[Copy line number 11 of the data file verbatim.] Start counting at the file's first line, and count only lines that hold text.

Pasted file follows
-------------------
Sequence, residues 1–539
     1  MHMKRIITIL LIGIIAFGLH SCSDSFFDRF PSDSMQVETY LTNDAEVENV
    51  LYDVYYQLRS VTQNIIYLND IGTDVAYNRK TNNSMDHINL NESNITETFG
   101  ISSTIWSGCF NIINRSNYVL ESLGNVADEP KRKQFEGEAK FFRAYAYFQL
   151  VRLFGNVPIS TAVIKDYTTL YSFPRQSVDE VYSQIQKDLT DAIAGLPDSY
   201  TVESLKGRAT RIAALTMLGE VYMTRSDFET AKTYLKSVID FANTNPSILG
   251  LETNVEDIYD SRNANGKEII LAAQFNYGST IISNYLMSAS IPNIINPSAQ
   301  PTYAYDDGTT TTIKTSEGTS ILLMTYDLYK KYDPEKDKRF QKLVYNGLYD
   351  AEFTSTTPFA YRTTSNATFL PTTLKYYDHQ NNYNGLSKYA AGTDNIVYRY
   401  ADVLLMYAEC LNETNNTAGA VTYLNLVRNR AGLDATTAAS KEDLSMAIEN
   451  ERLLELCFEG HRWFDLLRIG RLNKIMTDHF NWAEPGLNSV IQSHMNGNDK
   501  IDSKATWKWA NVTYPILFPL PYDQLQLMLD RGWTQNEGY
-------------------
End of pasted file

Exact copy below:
   451  ERLLELCFEG HRWFDLLRIG RLNKIMTDHF NWAEPGLNSV IQSHMNGNDK